Then again, I may just have a man crush on him for being a ridiculous athlete and creator of crazy plays:
From a coaching point of view, my most important piece is Colt McCoy. I need a coordinator who will spend hours in the film room with McCoy memorizing his hot routes and studying Drew Brees’ demeanor on the field. Because we will be running a lot of play-action, McCoy needs to be like Brees on the field who is the best at selling play-action while still being totally aware of his offense. After his success with Andy Dalton last year, I would trust Jay Gruden as my offensive coordinator.
However, that is presuming that my head coach is happy to have him and would not rather choosing his own play-caller. Jim Harbaugh will be the coach of this team for multiple reasons. Harbaugh showed last year what kind of effect he can have on a quarterback, while I need someone who will completely buy into a youngster who has been maligned in a similar way to Alex Smith. His enthusiasm is something that will really permeate through the personalities on my defense also. Everyone on this roster will be delighted to show up for work.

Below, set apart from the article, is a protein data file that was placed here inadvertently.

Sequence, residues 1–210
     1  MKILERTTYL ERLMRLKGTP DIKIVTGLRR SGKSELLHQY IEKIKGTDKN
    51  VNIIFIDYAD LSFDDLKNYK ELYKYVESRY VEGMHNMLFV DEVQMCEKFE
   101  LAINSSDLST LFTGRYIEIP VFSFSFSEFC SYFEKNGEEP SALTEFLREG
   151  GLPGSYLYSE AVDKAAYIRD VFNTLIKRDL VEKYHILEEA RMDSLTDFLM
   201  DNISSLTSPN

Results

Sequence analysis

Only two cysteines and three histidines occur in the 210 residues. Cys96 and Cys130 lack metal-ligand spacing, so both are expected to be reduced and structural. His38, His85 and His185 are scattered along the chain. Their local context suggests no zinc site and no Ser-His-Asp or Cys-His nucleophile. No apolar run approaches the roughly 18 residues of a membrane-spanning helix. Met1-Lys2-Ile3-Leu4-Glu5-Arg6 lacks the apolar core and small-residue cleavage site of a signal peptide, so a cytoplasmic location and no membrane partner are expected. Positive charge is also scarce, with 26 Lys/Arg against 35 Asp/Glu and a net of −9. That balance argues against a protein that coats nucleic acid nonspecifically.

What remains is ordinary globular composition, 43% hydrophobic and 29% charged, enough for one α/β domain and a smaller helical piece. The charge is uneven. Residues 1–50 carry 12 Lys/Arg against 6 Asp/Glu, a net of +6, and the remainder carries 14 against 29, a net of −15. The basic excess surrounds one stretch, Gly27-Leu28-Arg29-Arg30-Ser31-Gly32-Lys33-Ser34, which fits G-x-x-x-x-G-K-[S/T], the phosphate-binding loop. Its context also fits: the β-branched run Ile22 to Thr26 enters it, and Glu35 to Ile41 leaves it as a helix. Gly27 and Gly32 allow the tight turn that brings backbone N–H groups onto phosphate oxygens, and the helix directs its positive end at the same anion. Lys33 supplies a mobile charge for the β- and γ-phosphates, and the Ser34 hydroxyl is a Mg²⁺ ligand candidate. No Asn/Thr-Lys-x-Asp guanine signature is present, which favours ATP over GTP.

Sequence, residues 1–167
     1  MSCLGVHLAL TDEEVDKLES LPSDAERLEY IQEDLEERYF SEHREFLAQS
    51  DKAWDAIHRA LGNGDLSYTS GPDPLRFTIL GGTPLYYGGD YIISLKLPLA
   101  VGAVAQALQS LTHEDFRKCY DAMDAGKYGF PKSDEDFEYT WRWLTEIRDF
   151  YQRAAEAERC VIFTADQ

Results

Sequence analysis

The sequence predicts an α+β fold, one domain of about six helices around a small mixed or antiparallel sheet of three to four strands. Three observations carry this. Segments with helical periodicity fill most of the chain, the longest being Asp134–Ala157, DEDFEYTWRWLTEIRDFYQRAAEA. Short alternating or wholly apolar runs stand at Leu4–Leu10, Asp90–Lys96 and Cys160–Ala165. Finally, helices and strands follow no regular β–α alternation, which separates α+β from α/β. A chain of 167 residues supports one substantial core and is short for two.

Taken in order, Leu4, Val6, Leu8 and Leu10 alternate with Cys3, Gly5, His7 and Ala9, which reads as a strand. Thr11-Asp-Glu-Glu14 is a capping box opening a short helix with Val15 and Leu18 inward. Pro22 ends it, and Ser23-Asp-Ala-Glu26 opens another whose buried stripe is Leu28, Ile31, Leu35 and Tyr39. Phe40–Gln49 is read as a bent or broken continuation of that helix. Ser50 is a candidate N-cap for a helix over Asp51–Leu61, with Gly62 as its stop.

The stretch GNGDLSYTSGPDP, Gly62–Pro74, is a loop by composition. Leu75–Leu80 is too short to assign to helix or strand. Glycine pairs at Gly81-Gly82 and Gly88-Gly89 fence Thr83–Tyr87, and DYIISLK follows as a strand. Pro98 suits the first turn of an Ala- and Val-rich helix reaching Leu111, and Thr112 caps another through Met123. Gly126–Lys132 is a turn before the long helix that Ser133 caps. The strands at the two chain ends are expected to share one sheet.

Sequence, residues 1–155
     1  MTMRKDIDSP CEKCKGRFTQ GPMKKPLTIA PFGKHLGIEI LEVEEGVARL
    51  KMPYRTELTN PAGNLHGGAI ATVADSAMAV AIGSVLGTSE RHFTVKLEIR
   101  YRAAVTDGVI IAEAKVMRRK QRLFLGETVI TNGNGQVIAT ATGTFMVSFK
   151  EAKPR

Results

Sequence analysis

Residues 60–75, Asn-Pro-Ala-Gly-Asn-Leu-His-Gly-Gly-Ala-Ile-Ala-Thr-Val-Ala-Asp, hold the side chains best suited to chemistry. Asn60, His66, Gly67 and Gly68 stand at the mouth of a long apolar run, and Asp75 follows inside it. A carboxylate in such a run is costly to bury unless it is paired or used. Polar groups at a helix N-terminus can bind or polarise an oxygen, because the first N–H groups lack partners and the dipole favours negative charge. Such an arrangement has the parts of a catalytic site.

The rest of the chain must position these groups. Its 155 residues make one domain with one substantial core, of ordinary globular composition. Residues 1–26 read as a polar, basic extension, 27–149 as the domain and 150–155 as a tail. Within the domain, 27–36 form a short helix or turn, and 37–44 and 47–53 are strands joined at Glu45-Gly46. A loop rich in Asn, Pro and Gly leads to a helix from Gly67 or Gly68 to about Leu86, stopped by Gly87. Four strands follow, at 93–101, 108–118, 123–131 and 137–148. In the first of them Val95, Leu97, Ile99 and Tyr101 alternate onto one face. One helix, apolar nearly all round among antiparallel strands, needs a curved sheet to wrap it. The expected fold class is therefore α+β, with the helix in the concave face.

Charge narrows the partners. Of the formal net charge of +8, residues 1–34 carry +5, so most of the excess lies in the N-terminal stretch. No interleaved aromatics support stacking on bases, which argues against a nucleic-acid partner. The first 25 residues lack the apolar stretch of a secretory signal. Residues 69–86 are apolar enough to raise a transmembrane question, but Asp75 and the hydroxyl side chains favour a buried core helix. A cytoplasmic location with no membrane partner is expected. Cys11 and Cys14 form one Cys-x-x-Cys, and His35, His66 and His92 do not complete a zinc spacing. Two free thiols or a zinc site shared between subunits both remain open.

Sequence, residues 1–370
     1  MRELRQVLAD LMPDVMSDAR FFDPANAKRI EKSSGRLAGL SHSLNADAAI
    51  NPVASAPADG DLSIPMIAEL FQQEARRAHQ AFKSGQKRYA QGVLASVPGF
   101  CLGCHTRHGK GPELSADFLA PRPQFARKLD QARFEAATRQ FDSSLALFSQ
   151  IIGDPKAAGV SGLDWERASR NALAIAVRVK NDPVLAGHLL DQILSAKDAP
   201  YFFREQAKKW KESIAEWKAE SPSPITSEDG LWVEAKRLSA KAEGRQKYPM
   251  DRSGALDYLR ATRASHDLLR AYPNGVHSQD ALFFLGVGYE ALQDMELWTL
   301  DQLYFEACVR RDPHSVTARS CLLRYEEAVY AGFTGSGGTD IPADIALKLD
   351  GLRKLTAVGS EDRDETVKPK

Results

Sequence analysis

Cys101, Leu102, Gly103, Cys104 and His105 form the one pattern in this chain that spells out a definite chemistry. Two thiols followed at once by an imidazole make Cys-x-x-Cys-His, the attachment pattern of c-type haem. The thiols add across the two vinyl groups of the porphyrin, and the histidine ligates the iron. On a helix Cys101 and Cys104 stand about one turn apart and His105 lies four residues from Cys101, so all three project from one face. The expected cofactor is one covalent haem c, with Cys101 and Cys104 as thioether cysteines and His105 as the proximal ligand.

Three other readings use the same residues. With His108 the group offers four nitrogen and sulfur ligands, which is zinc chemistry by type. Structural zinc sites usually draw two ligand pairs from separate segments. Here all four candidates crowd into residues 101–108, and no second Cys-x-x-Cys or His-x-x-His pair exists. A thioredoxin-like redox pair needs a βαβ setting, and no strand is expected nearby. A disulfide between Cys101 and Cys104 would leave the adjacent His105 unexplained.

In today’s NFL, an all-around defense is necessary if you are to win a Super Bowl. Not only can you not afford to have any glaring weaknesses, you need to have a lot of versatility to mix and match with what different offenses will throw at you. This is something I have attempted to do on defense.
Characteristics of my ideal defense:
- Very physical secondary.
- Press cover cornerbacks who don’t need much help, if any.
- Play making safeties who can cover a lot of ground.
- Versatile linebackers who fit multiple schemes.
- Mammoth defensive linemen.
- A litter of role players who can rotate on and off the field for the front seven.
- Scheme breakers. Defensive tackles who can rush the passer. Blitzing linebackers who can cover. Secondary players who can adjust to zone or man coverage.
Essentially, my defense needs serious levels of talent. That is why I spent $86.5 million on this group.
If I had to say there was a base front, I would say that the 3-4 defense was it. However the plan is to run a hybrid defense that will ideally play 4-3 and 3-4 as frequently, and as effectively, as each other. Having Haloti Ngata, Von Miller, LaMarr Woodley and Lawrence Timmons allows me to do so with plenty of role players complementing them effectively.